The Autonomous Car: Freedom of Space vs Freedom of Time
By Lee Shupp
Freedom means different things to different people. It’s a word with many nuances. But like any word, its meaning is evolving over time in subtle and surprising ways.
For Americans, freedom has long been closely associated with the experience of driving your automobile. Marshall McLuhan once observed that “The car has become an article of dress without which we feel uncertain, unclad, and incomplete in the urban compound.” For my generation (late boomer) the car has symbolized freedom in myriad ways - freedom to be myself, away from the watchful eyes of parents; freedom to be in charge, and decide where to go and what to do; freedom to listen to the music that I liked, really loud; freedom to hang out with my friends and have fun; freedom to date girls, and learn about love; and, more importantly, the freedom to go wherever I wanted to go, without anyone having to drive me.
This last connotation of freedom, freedom to go wherever you want to, has been a central idea in the automotive space. Car commercials stereotypically show open roads, scenic vistas, and beautiful destinations as stock footage to evoke the longing to go distant places and seek out far-flung adventures. The image of that open road represents the path to freedom.
But, our concept of freedom is evolving, slowly moving away from freedom of space to freedom of time.
Freedom in the automotive category used to primarily evoke the freedom of space - the ability to move around and go places. But, the Internet has shrunk our concept of space - it’s now possible to go places virtually, and even go to virtual places. We now have access to places and spaces that in the past, we could only experience firsthand. We can easily be armchair internet travelers, experiencing distant places and people though portals to alternative universes like streaming video, webcams, video chat, and chat rooms - today 183 million Americans play video games. We spend more and more time in virtual places like virtual worlds and video games, destinations that you can’t find on a map.
As population increases and tourists and travelers overrun the scenic wonders of the world, it has become more and more difficult to actually go to dirt world destinations. There are permits, waiting lists, and all kinds of restrictions that constrain our experience of even the wildest of places, like scaling Mt. Everest or ascending Machu Picchu. Entertainment, from sports games to rock concerts, has increasingly become an expensive logistical nightmare, sucking time for distant and diluted live experiences. It’s just not as easy or as fun to go places anymore. And when we do go, it’s by plane, not by car.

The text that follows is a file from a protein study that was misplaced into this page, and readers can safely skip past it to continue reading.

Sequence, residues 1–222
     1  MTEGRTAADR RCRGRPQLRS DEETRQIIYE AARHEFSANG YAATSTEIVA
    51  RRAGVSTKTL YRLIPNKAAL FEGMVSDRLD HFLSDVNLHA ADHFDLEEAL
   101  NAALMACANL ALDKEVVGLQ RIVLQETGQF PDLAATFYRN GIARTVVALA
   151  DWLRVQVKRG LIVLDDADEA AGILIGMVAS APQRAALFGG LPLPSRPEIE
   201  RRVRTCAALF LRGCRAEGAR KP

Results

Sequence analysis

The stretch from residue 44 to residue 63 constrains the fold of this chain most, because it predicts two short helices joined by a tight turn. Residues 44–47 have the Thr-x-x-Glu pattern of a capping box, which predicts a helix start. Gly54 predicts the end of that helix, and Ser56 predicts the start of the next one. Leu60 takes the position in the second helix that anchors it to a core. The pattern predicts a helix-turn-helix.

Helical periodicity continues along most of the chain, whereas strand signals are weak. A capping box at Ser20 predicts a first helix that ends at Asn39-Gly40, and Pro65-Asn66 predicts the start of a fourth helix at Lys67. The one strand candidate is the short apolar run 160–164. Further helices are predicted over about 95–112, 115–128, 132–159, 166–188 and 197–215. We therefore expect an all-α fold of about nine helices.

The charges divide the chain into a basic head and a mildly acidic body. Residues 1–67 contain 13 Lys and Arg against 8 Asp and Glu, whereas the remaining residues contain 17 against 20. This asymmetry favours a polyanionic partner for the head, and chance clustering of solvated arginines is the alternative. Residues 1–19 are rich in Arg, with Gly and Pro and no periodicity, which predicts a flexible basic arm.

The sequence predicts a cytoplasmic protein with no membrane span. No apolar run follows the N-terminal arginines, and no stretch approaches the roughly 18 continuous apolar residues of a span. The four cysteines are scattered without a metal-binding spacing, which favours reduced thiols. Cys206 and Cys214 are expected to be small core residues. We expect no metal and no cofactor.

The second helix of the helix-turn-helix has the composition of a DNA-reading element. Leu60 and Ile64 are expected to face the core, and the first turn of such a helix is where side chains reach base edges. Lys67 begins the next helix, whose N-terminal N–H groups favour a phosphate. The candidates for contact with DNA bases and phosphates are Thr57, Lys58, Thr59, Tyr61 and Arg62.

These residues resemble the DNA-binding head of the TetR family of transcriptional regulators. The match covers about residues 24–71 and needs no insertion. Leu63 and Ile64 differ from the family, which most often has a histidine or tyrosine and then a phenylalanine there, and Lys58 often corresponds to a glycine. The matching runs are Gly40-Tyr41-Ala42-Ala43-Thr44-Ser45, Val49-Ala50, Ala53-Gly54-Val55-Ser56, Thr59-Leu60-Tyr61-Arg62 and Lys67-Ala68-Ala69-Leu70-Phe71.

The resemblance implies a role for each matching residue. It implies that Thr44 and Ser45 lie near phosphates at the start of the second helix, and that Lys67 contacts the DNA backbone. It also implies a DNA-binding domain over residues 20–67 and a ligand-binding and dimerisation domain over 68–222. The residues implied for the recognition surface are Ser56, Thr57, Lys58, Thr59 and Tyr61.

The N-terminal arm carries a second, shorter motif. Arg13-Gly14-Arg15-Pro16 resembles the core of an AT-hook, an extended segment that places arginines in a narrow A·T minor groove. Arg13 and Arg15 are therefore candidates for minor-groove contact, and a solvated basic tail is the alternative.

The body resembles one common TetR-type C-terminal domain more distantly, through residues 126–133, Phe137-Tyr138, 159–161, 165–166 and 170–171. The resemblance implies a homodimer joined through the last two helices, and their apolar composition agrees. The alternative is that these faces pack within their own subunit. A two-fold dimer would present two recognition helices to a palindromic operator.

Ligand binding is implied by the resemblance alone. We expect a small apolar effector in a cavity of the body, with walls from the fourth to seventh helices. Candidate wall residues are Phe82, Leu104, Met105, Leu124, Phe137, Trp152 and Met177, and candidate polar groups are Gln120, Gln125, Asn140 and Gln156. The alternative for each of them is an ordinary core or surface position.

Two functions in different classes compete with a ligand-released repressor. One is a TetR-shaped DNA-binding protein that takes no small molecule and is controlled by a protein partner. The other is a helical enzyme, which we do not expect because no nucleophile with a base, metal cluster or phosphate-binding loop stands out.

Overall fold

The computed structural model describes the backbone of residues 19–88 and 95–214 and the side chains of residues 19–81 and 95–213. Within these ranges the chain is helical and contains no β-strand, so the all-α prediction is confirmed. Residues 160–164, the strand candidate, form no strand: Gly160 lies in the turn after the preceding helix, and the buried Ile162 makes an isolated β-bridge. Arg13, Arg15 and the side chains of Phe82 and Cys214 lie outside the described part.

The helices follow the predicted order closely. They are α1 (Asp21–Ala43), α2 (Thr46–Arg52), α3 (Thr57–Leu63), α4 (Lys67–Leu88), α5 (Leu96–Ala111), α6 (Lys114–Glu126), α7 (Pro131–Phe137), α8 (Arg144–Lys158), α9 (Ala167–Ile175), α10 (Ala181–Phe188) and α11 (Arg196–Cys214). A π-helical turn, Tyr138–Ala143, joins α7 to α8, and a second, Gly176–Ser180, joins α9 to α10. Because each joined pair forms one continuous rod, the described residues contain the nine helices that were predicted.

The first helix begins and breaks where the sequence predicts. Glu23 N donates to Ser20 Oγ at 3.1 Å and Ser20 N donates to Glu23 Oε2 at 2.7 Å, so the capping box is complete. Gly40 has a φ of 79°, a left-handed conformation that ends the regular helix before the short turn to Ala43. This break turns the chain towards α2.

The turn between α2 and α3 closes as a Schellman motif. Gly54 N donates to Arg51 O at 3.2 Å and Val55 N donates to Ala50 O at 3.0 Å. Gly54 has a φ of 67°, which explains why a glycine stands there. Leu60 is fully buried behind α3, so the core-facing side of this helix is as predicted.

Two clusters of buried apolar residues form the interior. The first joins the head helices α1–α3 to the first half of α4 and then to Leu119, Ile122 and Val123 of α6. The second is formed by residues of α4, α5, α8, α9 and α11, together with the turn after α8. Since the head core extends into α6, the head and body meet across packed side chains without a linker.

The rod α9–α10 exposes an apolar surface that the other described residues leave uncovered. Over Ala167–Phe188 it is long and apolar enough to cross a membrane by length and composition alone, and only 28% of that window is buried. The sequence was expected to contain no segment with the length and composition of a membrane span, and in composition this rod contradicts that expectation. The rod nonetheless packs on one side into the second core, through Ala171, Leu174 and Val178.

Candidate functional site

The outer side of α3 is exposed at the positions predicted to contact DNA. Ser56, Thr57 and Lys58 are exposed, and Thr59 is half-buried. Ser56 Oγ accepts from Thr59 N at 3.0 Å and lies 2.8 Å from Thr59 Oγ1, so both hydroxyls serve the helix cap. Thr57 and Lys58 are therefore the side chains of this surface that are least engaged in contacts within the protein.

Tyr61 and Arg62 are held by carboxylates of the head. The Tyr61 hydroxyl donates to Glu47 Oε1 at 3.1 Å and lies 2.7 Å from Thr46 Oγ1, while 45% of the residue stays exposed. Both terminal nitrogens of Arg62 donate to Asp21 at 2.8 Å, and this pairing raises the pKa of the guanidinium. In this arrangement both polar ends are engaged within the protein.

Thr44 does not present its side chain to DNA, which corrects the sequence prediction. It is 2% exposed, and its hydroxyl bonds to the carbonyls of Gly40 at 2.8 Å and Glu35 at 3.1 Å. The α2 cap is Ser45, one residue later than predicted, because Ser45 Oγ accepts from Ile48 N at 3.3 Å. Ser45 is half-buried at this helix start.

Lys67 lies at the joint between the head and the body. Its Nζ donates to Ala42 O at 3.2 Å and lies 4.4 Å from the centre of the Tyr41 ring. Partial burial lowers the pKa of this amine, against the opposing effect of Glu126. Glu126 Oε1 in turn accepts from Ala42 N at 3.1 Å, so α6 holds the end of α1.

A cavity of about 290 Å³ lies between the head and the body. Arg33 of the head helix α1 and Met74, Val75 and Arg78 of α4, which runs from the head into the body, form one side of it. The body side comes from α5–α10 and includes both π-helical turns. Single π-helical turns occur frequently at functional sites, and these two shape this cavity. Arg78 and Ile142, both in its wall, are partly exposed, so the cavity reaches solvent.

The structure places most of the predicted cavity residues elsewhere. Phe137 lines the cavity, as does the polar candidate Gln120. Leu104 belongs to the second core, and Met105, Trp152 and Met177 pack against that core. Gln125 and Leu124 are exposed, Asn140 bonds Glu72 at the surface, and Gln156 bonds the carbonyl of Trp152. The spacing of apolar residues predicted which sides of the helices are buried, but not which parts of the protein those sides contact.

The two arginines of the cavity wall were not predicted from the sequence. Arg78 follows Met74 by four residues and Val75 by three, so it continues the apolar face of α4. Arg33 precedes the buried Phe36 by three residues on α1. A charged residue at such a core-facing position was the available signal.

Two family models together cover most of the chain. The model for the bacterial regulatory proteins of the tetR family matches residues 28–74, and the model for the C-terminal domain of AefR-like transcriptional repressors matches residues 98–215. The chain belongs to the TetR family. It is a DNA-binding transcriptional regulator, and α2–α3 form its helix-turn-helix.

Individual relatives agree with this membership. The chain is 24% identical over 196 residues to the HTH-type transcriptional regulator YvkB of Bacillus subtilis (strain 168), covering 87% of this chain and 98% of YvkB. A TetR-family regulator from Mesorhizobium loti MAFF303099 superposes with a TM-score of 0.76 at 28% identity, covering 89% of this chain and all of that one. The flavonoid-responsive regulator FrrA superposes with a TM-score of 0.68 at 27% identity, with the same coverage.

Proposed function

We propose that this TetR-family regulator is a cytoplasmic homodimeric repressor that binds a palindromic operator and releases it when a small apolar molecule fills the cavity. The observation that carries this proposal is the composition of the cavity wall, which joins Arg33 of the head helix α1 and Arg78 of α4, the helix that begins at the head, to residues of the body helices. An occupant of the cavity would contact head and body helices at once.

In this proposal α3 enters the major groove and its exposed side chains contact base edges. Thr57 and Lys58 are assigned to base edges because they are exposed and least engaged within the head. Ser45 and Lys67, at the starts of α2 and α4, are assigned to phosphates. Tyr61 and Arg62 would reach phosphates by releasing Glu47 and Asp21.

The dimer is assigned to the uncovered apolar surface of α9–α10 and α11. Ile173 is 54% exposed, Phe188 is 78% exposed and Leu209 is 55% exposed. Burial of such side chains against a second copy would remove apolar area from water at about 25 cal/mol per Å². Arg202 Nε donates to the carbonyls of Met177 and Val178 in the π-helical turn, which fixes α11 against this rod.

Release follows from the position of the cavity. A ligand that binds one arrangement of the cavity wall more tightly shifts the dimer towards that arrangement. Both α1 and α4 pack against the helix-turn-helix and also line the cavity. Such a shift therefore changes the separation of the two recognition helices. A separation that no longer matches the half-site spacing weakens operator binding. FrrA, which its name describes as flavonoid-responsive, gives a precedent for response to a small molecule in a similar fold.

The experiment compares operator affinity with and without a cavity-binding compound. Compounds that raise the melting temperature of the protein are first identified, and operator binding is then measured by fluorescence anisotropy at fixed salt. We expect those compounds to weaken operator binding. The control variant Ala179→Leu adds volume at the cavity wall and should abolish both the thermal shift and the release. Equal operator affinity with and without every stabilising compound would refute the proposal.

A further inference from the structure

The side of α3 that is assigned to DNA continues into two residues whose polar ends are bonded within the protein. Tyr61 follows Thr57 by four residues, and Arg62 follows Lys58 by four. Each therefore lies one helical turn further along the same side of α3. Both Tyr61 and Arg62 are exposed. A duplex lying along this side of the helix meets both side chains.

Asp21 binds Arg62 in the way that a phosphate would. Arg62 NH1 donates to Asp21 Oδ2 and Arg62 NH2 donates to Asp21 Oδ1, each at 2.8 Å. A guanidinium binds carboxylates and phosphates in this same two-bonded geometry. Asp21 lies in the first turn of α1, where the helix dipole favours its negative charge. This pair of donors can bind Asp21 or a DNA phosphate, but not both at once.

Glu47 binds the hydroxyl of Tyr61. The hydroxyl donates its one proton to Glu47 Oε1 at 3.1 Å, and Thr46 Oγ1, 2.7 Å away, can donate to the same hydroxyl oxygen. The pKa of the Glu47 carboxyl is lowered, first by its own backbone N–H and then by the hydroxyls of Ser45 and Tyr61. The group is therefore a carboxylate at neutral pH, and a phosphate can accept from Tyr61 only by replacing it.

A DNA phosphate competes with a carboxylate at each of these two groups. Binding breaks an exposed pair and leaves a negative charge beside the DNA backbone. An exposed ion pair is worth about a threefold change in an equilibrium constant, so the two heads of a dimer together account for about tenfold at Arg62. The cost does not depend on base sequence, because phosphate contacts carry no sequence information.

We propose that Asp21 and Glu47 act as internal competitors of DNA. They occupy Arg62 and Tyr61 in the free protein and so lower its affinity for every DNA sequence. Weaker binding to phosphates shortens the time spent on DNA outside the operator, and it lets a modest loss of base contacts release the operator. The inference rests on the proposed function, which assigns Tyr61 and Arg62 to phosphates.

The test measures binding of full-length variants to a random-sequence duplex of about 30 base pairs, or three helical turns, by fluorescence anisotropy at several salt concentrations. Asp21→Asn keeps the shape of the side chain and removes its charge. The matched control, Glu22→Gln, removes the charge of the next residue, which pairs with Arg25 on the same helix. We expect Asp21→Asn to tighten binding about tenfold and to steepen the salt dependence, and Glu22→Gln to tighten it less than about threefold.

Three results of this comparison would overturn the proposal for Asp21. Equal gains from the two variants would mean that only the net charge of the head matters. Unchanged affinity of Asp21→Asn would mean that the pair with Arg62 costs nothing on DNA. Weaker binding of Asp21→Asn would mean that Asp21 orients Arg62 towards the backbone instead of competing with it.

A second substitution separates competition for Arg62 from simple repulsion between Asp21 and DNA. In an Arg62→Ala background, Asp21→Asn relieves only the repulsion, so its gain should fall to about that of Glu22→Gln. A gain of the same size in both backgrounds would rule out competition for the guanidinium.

As a result, freedom of mobility has become less important. We can go places and see things virtually now. And, often the experience is actually better than being there live. I can experience Everest without the expense and the hardcore training required. I can get great camera angles and instant replays of my favorite sporting event.
Freedom now is shifting emphasis towards freedom of time, because time is finite, and we seem to have less and less of it. With increasing demands with limited time, there are just not enough hours in the day to do what we want to do. Freedom is now primarily defined by having the time to do what you want to do. We need more time to be able to chase our dreams and experience things in “real life”, and we need more time to get the mundane chores of daily life out of the way, so that we can have more of that “free” time.
This is important for the automotive industry, because cars are where we spend significant amounts of time. Gridlock is bad and getting worse in every major metro area in the U.S. Driving has become a chore. The average full time commuter in the US spends almost 26 minutes a day traveling to work, according to the U.S. Census Bureau. To put that into a larger perspective, we spend an average of more than 100 hours a year commuting to work, according to the U.S. Census Bureau's American Community Survey. Commuting is even worse in our big cities, with commute times lengthening as reported by Forbes.
Where we once saw open roads, we now sit in stop-and-go traffic, wishing it would somehow move. We try to multitask while we drive to get something out of our commute time, but our multitasking is making us more distracted and becoming more and more dangerous. Driving isn’t the fun it used to be - it’s become a frustrating time suck. Hence, the allure of the autonomous car Imagine getting all of that driving time back. For many urban commuters that’s an hour or more a day. That feels like getting a 25 hour day when you just get 24 now. What would you do with that free hour? I’ll bet you can visualize a lot of things that you’d rather be doing than wearing down your brakes in stop and go traffic.
Our time is precious, and we’d love to have more of it. Freedom now means having the time to do whatever we want, rather than the ability to go places in our cars.